Thursday, June 11, 2009

Bed Time

I still haven't mastered the art of going to bed when I ought to, and if you're running as many miles as I do this is a serious problem. I have felt rather tired over the last few days. The fact that I'm still fighting off some infection (which is getting better) doesn't help, but less than 7 hours of sleep per night is just not adequate. It caught up with me last night when I could not keep my eyes open during the telly news. Eventually I relented and was off to bed just after 9:30. I managed about 8 hours of sleep, regrettably with a few interruptions, but I'm still on a deficit. It's something I have to address. Sleep is a vital part of training.

Running over the last two days was a bit of a struggle. It's a dance of one step forward, one step back at the moment. Tuesday's workout was very good but yesterday and today I paid the price. Wednesday was what is basically an easy day in my schedule, 15 miles around Caragh Lake. I kept telling myself that getting up at 5:30 was a lie-in compared to Monday's 5 o'clock start, and I almost believed it. The first few miles were very slow. I felt a twinge in my left hamstring at first, which had me a bit worried. Luckily that subsided after a while, and I just had to fight the general fatigue in the legs. The last 5 miles were a tad faster again, as is becoming customary, and went by at 7:35 pace without pushing the effort. At least that went well. But I could definitely feel the fatigue building up in my legs during the last 2 miles. I think 13 miles is a bit of a threshold at the moment, I always seem to have a low at that stage. Still, it's progress. Last month this used to happen at mile 8.

Any hopes of feeling better today were dashed immediately. The legs were even stiffer than yesterday, and I struggled through some strides at the warm-up. I already knew that the tempo part of today's workout wouldn't go particularly well, and was proven right. 7:00 pace was all I could do, and I even had to strain over the last mile to achieve this, or it would have been even slower. It's a bit of a setback compared to last week, not that I'm racing my previous times. But a nice progression would be preferable, obviously.

The second part of the workout consisted of hill repeats. I had no idea how many I would do as I started on my first one. Last week I had done 8, but I was happy to go along with however I felt. The second repeat was rather unusual because a car appeared behind me, and since there was no way to overtake me on that narrow road (and I wasn't going to stop in the middle of a hill sprint) I felt like being chased up a mountain, which apparently made me squeeze a few extra ounces of effort out of somewhere. The bad news was that I felt totally shattered after that one, rather early. I kept plugging away, but after the sixth repeat decided that I'd had enough. I somehow found some bravado on the way down the hill though, and went up again for a seventh time. And since there was only one remaining to match last week's number I did that one, too.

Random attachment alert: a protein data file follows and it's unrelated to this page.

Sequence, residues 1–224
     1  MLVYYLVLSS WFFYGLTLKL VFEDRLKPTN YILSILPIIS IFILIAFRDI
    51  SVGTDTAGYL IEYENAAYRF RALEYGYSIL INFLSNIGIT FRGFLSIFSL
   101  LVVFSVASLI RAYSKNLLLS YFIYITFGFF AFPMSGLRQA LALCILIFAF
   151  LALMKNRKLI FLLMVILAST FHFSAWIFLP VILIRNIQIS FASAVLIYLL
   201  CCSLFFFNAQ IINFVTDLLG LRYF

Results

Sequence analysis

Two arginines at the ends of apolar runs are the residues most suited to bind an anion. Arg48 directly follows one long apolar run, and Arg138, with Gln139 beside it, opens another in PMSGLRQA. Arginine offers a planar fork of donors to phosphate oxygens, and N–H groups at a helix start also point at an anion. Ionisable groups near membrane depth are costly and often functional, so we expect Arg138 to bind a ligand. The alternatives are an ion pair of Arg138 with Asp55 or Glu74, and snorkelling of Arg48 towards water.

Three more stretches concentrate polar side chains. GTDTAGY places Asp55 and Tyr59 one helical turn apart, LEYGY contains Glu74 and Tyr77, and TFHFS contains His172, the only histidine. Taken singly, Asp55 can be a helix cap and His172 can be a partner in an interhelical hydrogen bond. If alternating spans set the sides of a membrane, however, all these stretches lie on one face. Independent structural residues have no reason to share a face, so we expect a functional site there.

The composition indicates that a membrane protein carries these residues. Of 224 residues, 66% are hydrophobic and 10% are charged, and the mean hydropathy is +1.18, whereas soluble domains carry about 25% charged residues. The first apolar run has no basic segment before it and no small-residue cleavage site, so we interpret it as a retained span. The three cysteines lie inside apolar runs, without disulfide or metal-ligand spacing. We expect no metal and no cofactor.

Theoretically those hill repeats are supposed to be run at maximum effort, but as the one with the car clearly demonstrated, in practice I don't manage to do that. I guess that's a drawback of training on my own all the time. Shared misery would help to push harder at times like that. Anyone willing to get up at 6 am and repeatedly run up the first 200-or-so meters of a mountain with me? Hmm. Not all at once, please.

To say the legs were sore for the rest of the days would be an understatement. I really struggled on my cycling commute. I keep telling myself that I'm bound to feel better once I get used to the training load. Sore legs are part of marathon training.
10 Jun
15 miles, 1:59:27, 7:58 pace, HR 146
last 5 @ 7:35
11 Jun
10.5 miles, 1:27:03, 8:17 pace, HR 146
incl. 2.75 miles @ 7:00, 8x45 secs hill sprints


  1. I was interested to read about your hill sprints, is this really part of Arthurs base training and who says to run them flat out!

  2. going by what I've learned about Lydiard training is not to mix anaerobic training into base training and to run only short sprints up to 10 sec which don't build latic acid up!

  3. Your legs are sore? That's a good sign really. When you do a workout and feel nothing it means you're not working hard enough doesn't it? Keep at it.

  4. I would love to do those hill repeats with you and waking up at 5am isn't a problem. But that commute to your place would be brutal...

  5. Oh I get It now your training like DEEK right!

  6. I'm a little confused by 'maximal effort' too. That would be for the whole set, or each one? If it was for each, you'd be in anaerobic territory. Taking up Rick's point, Deek's hill repeats were fast, but not at maximal effort.

    Anyway, "Sleep is a vital part of training" is a quote I'll remember. You'd think it's the easiest part of training to control, but for many it's not. Imagine how well we'd do if we got the 10-12 hours/day of Paula Radcliffe, or the 14-16 hours/day of Gabriella Szabo!